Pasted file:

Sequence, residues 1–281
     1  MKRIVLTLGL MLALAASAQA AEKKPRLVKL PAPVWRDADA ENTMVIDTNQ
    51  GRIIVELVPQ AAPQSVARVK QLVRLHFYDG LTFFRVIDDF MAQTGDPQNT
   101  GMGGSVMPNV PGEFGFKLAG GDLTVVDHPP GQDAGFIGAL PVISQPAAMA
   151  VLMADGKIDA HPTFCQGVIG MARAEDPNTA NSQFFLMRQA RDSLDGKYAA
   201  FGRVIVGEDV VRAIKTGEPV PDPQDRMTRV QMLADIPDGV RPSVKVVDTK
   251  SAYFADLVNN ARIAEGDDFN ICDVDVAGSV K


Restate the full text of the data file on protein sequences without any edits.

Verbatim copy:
Sequence, residues 1–281
     1  MKRIVLTLGL MLALAASAQA AEKKPRLVKL PAPVWRDADA ENTMVIDTNQ
    51  GRIIVELVPQ AAPQSVARVK QLVRLHFYDG LTFFRVIDDF MAQTGDPQNT
   101  GMGGSVMPNV PGEFGFKLAG GDLTVVDHPP GQDAGFIGAL PVISQPAAMA
   151  VLMADGKIDA HPTFCQGVIG MARAEDPNTA NSQFFLMRQA RDSLDGKYAA
   201  FGRVIVGEDV VRAIKTGEPV PDPQDRMTRV QMLADIPDGV RPSVKVVDTK
   251  SAYFADLVNN ARIAEGDDFN ICDVDVAGSV K